As the COVID-19 coronavirus pandemic continues to impact communities, schools are seeking out ways they can assist their students while maintaining a quality education.
Officials recently announced the opportunity for Shippensburg University students to choose the pass/fail grading option for the fall 2020 semester
According to an email sent last week by Provost Tom Ormond, the option will allow students to replace any grade, “A, A-, B, B-, C+ and C” with “Pass.” “D” will be replaced with “Pass*.”
A follow-up email also announced the extension of the withdrawal period for all fall 2020 courses to Dec. 8, which is a few days after the end of finals week. Students can save their GPA by withdrawing from a course, receiving a “W” instead of a failing grade that drives down their average.
Personally, I think officials offering this grading system again is mostly beneficial. However, (this is not going to be popular with my peers) I have some reservations with the option.
In January 2020, SU students returned to what they thought would be a normal spring semester. Little did we know we were all in for a wild ride. After leaving campus for spring break, our classrooms changed from a room in the Dauphin Humanities Center to our living rooms. Regulations created to contain the coronavirus uprooted any sense of routine we had.
Students were thrown into less-than-ideal academic and personal situations halfway through the spring semester. While some remained in local off-campus housing with consistent internet connection and little interruptions, others went home where family members gathered amid the shutdown. A student’s home may not always offer a quality learning environment. Perhaps it is a lack of technological resources, a colicky younger sibling or going to work as an “essential worker” to help support one’s family. The conditions last semester were difficult; there is no discounting that fact.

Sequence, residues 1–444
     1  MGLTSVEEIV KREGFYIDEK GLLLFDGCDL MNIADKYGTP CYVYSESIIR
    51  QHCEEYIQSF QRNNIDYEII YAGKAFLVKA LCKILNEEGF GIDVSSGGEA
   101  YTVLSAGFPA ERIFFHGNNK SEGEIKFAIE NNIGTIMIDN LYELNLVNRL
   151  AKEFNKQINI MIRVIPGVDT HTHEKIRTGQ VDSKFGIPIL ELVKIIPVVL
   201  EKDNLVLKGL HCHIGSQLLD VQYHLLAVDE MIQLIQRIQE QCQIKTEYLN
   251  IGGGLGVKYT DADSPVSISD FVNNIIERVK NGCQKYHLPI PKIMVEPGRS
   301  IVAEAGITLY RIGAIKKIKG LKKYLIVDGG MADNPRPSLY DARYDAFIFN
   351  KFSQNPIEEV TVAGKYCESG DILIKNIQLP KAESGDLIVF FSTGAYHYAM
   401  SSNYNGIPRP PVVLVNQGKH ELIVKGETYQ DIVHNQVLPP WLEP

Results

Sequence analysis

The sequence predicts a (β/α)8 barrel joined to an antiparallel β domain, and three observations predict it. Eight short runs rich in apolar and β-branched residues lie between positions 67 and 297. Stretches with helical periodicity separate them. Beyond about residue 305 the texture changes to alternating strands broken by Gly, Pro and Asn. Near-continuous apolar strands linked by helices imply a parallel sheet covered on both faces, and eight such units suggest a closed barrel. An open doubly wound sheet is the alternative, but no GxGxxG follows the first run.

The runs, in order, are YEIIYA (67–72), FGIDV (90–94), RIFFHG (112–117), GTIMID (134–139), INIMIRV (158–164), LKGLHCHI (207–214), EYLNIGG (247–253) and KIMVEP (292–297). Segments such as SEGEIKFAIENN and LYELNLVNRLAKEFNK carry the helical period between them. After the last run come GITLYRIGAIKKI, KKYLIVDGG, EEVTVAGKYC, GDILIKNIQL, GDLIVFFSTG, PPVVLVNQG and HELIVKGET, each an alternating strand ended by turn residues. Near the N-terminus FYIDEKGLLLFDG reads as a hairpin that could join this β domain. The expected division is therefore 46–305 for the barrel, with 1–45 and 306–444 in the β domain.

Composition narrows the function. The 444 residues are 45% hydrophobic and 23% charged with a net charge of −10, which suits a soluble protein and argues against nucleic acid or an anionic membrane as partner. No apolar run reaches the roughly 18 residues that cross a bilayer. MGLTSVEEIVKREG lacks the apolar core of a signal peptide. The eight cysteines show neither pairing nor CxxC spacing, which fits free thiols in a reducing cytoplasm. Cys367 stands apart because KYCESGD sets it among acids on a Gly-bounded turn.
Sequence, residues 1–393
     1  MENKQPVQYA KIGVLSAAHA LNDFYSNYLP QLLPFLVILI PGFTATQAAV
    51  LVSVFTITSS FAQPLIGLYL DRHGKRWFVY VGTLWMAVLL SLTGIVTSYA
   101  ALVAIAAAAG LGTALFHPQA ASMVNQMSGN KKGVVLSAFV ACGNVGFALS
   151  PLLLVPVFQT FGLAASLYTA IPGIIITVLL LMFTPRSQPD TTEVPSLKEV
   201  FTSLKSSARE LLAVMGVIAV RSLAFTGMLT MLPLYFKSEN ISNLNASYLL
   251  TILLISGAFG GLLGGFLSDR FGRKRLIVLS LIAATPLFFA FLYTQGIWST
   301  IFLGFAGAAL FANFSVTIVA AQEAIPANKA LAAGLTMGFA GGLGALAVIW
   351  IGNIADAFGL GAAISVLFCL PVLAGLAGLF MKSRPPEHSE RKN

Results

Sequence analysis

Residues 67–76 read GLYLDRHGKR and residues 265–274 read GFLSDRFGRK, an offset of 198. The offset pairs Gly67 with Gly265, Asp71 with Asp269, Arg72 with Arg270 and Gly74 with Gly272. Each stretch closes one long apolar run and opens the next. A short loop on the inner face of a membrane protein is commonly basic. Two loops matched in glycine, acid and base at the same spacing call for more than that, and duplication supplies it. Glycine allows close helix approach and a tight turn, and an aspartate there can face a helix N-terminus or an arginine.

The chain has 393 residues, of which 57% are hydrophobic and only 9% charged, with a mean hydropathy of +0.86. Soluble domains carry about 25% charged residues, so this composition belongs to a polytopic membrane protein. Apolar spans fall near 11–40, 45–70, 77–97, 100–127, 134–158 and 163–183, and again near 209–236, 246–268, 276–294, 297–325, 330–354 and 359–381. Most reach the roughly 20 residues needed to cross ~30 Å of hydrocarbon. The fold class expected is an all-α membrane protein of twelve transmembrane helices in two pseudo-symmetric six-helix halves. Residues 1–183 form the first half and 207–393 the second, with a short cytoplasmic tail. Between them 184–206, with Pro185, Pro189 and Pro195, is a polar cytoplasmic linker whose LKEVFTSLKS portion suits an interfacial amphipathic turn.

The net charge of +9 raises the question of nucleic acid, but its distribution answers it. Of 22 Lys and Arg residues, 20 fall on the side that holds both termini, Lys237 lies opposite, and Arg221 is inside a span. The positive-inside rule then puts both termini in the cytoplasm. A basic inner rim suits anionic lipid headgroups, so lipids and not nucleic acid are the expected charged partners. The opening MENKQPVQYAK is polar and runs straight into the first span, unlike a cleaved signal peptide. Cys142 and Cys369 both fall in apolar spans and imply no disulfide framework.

There were a lot of elements factoring into a student’s ability to complete work last semester. We did not have a choice to attend virtually — it was the only option. Students who did not want an online education found themselves logging into Zoom instead of sitting in a classroom. The pass/fail option was necessary because students did not know what they were getting into at the beginning of the semester.
But in June, when officials said students would have the opportunity to return to campus, we were given an option. Granted, we would not be returning to the campus we once knew. We would return to a campus filled with tents, temperature checks, hand sanitizer and limited capacity classrooms. Nonetheless, we had a vague idea of what the semester would look like.
My concern with the pass/fail option this semester arises from those who will choose to abuse the opportunity. For many students, this year has been difficult.
From academics to our personal lives, we have had to endure a lot. These students, who are continuing to try to succeed in their classes, deserve the opportunity to save their GPAs if their best right now is not equivalent to their best last year. Students must give themselves a break and understand that things are very different now than last year. The ability for students to choose the pass/fail option gives them a little bit of control in a world filled with uncertainty.
But we as students must also keep trying. I do not think students should rely on this option. We have to work hard and make the best of what we are given. The pass/fail option should not be a “free pass” to skip classes and do the bare minimum.
Most of our professors are working hard to offer a quality educational experience in these uncertain times. We must maintain our efforts through the end of the semester.
I, like my peers, am grateful for officials to extend this opportunity. But I will also continue to work and attend my classes in efforts to earn the best grade I can under these conditions. I urge my fellow students to treat the pass/fail option as an “in case of emergency” option; do not soley rely on it.